Tuesday, November 6, 2007
Pumpkin Nut Crisp
Pumpkin Nut Crisp
Dorcas Annette Walker
Autumn has arrived in a blaze of colors here on the mountains of Tennessee. Cooler temperatures and crisp breezes invigorate the atmosphere. Everywhere you go there are creative fall decorations in front of businesses and homes. Invariably among the straw bales of hay and pots of mums in dazzling arrays of fall hues you will see orange pumpkins in all sizes and shapes. We used to grow pumpkins in our garden when our kids were small. On a designated day we’d line up a row of pumpkins and with sharp knives begin carving up our harvest. Dawn and Dwight would always beg to help make faces for the jack-o-lanterns. They considered themselves quite grownup when they finally were allowed to handle a sharp knife while I hovered around them alternately giving advice and warnings. For some reason though once the jack-o-lanterns were carved and set out on our front porch both of my kids always lost interest in the rest of the pumpkins waiting to be peeled and cut into chunks, which were then cooked, pureed, and froze for future pumpkin pies. By the end of the day I was always relieved when the stack of pumpkins were reduced to quart containers sitting on my counter waiting to be stored in my freezer without any loss of fingers. The aroma of cooking pumpkin in my kitchen signaled that fall had arrived. This month I am going to feature recipes that contain pumpkin, which I’ve discovered along the way. Today most cooks buy canned pumpkin from the local grocery store- even my own daughter has been guilty of such time saving tactics. So grab some pumpkin, heat up your oven, and let’s get started on some holiday baking.
Cinnamon is a small evergreen tree native to South India. There is a more common kind that grows wild all over China and other parts of East Asia dating back in Chinese writings to 2800 B.C. Ancient Egyptians used cinnamon in embalming processes. Medieval physicians used cinnamon in medicines to treat coughing and sore throats. Cinnamon was also valued for its preservatives qualities for meat. In the first century cinnamon was fifteen times the value of sliver per weight and was used as currency. As a sign of remorse, Roman Emperor Nero ordered a year’s supply of cinnamon to be burnt after he murdered his wife. In the 17th century the Dutch seized the island of Ceylon, which was the world’s largest supplier and became a monopoly of the prized spice. By 1833 the downfall of the cinnamon monopoly began when other countries found out that cinnamon could be easily grown in tropical climates. Today cinnamon is one of the most well known and popular spices used in baking.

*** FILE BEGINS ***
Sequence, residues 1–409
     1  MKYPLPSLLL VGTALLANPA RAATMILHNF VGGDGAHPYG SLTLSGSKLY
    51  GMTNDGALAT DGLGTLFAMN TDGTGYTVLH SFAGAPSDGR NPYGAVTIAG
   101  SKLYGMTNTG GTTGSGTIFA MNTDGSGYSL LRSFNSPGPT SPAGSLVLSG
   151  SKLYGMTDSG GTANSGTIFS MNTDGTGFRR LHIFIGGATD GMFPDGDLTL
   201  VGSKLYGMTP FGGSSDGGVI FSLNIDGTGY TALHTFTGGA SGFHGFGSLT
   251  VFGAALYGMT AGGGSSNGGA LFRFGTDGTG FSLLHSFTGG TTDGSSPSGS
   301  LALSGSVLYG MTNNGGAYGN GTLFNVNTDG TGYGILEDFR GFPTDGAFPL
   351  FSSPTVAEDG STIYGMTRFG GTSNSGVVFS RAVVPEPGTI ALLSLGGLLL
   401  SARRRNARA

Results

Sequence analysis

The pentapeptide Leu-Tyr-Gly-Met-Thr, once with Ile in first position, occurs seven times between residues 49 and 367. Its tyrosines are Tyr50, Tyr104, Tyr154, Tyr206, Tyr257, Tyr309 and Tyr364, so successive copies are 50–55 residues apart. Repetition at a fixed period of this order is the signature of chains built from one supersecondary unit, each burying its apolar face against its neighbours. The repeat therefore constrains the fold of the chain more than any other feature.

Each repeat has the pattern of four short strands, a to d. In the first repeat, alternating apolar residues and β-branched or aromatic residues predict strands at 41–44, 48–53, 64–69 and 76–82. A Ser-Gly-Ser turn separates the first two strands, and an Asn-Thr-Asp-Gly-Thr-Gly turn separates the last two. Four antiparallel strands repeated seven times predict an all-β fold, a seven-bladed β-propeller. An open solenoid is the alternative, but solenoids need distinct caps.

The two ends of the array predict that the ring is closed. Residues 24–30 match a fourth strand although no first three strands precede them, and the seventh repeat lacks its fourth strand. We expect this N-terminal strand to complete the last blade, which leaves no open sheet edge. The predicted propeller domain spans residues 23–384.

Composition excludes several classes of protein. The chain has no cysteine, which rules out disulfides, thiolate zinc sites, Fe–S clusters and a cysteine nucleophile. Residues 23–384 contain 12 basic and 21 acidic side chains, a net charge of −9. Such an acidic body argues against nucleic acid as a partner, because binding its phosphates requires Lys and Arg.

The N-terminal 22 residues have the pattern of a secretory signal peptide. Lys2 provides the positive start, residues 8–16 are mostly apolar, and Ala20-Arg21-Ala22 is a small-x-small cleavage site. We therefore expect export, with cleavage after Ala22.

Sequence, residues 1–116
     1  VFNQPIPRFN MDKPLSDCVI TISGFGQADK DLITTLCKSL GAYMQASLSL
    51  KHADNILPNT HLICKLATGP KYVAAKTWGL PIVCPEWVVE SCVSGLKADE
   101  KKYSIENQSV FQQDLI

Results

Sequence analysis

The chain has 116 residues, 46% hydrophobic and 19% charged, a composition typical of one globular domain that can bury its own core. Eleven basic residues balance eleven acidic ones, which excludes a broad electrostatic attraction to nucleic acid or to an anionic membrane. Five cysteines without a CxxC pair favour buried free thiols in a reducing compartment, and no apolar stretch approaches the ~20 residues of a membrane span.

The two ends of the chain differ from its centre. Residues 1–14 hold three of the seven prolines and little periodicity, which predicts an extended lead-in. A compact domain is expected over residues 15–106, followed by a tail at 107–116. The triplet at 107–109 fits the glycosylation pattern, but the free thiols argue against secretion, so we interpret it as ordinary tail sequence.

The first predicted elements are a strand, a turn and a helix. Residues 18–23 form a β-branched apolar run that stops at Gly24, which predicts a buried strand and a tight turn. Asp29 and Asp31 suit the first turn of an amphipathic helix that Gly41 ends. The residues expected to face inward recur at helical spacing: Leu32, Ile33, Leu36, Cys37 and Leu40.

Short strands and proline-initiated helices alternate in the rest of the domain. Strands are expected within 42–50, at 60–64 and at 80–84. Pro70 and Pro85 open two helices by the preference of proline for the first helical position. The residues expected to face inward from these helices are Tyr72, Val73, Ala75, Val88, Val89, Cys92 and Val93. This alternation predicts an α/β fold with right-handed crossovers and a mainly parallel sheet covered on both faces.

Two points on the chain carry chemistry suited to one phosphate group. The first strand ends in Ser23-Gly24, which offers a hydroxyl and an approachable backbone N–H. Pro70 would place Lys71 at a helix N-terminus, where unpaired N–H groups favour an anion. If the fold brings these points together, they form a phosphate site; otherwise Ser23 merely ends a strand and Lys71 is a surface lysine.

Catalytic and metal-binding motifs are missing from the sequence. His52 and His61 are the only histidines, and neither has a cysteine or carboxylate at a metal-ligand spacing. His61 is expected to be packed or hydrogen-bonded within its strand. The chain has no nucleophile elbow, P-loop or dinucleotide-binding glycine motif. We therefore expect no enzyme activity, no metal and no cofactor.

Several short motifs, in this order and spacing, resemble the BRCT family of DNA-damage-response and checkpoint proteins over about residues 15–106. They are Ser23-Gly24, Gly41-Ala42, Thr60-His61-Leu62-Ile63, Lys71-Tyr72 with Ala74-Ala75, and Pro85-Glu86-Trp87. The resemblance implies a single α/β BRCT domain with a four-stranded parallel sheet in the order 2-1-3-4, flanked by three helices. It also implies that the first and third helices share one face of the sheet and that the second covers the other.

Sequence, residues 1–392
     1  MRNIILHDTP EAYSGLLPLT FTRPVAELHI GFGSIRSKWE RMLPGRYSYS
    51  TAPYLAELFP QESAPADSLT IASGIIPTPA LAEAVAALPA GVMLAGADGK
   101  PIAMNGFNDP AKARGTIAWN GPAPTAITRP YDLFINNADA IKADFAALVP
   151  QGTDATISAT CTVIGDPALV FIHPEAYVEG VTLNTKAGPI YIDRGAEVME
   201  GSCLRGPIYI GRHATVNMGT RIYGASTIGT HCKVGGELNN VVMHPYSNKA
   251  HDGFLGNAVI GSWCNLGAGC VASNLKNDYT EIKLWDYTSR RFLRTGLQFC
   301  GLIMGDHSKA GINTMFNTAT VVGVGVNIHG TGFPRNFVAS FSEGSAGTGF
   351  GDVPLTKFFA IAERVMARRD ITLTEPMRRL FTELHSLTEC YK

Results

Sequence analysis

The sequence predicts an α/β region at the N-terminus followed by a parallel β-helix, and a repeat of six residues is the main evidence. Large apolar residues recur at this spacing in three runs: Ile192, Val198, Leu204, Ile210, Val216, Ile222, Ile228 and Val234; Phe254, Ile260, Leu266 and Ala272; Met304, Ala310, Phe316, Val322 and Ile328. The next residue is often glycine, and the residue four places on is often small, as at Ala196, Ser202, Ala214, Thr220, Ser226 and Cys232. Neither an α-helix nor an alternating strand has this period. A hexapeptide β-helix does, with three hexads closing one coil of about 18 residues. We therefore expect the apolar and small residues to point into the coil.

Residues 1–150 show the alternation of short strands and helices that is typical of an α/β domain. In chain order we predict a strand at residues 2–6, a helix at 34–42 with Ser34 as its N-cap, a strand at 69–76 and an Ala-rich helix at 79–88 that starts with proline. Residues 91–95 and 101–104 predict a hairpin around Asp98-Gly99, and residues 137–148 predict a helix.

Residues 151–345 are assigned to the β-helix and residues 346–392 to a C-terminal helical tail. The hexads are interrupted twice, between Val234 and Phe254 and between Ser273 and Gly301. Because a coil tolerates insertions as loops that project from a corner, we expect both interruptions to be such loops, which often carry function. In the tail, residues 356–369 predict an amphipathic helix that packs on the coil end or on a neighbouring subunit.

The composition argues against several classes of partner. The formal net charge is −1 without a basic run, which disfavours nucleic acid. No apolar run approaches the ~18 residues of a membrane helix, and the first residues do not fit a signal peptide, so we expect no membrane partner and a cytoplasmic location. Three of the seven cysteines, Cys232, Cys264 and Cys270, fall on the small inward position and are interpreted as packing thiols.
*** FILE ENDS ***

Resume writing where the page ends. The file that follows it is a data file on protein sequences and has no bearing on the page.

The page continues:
My Pumpkin Nut Crisp is a quick and easy dessert to start out the holiday season. I’ve combined a couple of recipes with a blend of spices to make this Pumpkin Nut Crisp. So stock up on your pumpkin supply as this dessert will quickly become a favorite to eat and make. My Pumpkin Nut Crisp recipe only takes around ten minutes to prepare and serves sixteen.
Pumpkin Nut Crisp
1 large can of pumpkin
1 can evaporated milk
1 c sugar
1 tsp vanilla
1½ tsp cinnamon
½ tsp nutmeg
½ tsp ginger
½ tsp ground cloves
½ tsp allspice
Mix together thoroughly in a medium bowl and pour into a greased 9 x 12 baking dish.
Sprinkle a dry yellow cake mix on top.
Drizzle one stick of melted butter over cake mix.
Finish by sprinkling one cup of chopped pecans over the top.
Bake at 350º for one hour.
You can serve the Pumpkin Nut Crisp warm or let chill. May garnish with a dollop of cool whip and a sprinkle of cinnamon!
Dorcas Annette Walker is a freelance writer, author, columnist, and photographer from Jamestown, TN. If you have any cooking tips or favorite recipes you are welcome to contact me by mail at: Dorcas Walker, 929 Wildwood Lane, Jamestown, TN 38556 or email me at: firstname.lastname@example.org. For more information about the Walker family and Dorcas’ books check out her website at: www.dorcasannettewalker.com or htpp://dorcasannettewalker.blogspot.com for other Creative Mountain Cookin recipes.